Children’s influence on wellbeing and acculturative stress in refugee families.2018In: International Journal of Qualitative Studies on Health and Well-being, ISSN 1748-2623, E-ISSN 1748-2631, Vol. 13, no 1Article in journal (Refereed)
    Abstract [en]

    Purpose: This paper examines intergenerational, interdependent and contextual aspects of wellbeing and acculturative stress in refugee families during resettlement. Particular focus is placed on how children influence their parents. 

    Method: The study is based on interviews with and diary notes from Middle Eastern parents and children residing in Sweden. 

    Results: Analyzes of the narratives show how the direct and indirect influence of the child affects the parents in both negative and positive ways. Acculturative stress follows from unexpected and undesired migration outcomes, such as parent–child conflicts and low school achievement. Such strains add to other hardships refugee families face, for instance, unemployment, welfare dependence, poor housing, and insufficient mastery of the majority language. However, acculturative stress can be alleviated by the children’s educational success, and reciprocal practices of love and caring including helping out with chores and supporting each other in different ways.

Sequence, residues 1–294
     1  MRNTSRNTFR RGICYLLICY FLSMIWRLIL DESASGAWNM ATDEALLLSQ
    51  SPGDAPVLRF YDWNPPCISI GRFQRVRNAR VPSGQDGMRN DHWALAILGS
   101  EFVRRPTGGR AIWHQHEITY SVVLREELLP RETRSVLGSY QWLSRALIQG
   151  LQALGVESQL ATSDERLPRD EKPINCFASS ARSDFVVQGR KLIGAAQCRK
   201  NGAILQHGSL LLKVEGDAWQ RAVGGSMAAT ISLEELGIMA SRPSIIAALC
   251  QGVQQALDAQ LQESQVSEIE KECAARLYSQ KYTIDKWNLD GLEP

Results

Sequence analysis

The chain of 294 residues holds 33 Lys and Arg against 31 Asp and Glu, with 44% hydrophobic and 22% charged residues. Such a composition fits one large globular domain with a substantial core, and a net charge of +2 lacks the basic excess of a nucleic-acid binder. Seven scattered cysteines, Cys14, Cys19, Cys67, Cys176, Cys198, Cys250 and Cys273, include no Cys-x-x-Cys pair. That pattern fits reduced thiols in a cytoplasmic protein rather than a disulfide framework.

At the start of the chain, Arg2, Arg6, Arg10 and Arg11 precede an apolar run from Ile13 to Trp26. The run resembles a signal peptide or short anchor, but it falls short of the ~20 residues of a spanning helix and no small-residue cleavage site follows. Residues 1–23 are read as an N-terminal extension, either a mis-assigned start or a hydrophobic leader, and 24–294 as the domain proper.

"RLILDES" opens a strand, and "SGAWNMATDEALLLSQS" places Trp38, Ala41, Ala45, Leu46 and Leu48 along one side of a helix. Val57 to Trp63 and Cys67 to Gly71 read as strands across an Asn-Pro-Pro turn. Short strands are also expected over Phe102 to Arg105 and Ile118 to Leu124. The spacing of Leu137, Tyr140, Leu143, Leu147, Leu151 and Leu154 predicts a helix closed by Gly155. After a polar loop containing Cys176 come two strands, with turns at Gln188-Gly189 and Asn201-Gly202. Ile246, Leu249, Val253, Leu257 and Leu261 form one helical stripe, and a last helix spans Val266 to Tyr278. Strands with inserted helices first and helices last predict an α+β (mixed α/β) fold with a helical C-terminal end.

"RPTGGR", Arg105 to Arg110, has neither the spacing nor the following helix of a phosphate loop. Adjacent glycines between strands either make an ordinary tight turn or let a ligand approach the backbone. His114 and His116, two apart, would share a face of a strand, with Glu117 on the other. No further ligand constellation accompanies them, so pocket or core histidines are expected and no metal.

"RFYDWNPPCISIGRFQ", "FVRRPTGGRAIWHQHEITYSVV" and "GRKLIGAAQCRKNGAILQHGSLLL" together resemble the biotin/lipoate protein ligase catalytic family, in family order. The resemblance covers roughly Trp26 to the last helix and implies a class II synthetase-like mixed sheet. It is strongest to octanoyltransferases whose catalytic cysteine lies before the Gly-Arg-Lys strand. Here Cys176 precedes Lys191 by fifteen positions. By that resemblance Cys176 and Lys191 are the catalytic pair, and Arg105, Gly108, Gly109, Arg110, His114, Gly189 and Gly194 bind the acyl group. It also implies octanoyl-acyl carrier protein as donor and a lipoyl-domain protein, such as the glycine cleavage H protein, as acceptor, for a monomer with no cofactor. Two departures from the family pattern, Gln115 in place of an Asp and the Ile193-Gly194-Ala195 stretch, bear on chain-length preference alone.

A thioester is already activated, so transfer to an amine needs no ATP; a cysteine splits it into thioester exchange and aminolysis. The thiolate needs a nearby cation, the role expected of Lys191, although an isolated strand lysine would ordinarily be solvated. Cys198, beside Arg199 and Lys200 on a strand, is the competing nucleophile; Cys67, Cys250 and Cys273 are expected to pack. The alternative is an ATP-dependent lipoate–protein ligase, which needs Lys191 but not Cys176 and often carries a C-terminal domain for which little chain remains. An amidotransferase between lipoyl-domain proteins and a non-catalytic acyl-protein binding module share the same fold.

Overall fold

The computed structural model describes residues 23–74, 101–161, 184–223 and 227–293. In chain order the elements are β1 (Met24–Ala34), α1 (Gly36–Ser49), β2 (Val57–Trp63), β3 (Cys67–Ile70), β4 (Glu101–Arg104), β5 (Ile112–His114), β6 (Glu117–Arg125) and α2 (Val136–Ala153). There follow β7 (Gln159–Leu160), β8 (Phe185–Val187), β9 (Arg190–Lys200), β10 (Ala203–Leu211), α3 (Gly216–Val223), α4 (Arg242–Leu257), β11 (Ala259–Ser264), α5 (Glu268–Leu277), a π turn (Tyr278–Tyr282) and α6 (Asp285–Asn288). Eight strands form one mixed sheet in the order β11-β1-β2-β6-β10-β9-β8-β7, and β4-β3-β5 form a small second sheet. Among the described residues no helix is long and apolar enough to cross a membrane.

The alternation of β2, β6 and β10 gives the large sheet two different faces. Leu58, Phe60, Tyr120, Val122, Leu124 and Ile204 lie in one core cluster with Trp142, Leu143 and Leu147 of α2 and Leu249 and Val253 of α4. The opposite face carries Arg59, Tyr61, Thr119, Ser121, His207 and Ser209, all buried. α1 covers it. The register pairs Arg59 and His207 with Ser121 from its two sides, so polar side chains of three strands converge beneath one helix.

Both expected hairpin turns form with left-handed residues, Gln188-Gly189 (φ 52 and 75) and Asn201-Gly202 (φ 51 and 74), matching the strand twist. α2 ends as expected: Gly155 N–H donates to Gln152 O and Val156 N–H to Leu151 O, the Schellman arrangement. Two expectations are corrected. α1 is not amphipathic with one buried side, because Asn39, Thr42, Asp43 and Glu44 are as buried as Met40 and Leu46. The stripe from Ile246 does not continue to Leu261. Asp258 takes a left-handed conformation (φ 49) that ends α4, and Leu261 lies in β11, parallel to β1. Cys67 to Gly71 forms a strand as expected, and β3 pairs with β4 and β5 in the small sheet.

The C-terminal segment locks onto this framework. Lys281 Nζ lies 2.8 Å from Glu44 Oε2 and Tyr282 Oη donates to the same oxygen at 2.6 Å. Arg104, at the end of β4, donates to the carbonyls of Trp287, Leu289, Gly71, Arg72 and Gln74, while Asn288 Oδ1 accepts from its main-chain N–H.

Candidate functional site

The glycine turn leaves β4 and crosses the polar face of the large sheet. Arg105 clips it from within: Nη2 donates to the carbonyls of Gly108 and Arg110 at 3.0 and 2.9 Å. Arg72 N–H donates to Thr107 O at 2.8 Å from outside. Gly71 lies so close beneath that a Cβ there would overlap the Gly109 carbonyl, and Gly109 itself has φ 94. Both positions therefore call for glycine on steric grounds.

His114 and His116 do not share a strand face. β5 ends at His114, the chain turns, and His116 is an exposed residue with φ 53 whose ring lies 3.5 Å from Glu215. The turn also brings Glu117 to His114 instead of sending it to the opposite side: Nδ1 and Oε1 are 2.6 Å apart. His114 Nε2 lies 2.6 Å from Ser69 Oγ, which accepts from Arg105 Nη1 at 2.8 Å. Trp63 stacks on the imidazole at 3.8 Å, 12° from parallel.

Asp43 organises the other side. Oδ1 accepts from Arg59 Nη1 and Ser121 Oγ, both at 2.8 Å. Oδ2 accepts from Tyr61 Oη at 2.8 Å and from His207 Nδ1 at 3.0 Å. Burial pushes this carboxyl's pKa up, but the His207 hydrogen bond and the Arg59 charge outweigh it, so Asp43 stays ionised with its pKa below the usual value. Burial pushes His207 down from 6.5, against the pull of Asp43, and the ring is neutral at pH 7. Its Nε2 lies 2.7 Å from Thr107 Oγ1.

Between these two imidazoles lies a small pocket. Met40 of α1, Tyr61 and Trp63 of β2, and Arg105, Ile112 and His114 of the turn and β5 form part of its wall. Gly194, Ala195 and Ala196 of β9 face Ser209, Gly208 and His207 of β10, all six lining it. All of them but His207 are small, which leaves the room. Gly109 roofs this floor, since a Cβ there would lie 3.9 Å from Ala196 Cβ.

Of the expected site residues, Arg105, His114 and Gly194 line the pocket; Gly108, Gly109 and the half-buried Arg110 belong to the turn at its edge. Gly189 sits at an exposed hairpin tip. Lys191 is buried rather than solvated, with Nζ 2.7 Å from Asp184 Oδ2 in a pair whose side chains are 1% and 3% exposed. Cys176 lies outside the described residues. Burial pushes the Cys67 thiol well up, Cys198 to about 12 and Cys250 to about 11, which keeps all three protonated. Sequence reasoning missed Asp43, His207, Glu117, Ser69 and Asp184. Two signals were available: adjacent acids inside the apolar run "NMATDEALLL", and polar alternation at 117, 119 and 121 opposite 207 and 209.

Conclusions: Children's agency has significant effects on parents’ wellbeing, as wellbeing is accomplished in and through relationships with others.

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  • 3.
    Björk Brämberg, Elisabeth
    et al.
    University of Borås, School of Health Science.
    Nyström, Maria
    University of Borås, School of Health Science.
    To be an immigrant and a patient in Sweden: A study with an individualised perspective2010In: International Journal of Qualitative Studies on Health and Well-being, ISSN 1748-2623, E-ISSN 1748-2631, Vol. 5, no 3, p. 1-9Article in journal (Refereed)
    Abstract [en]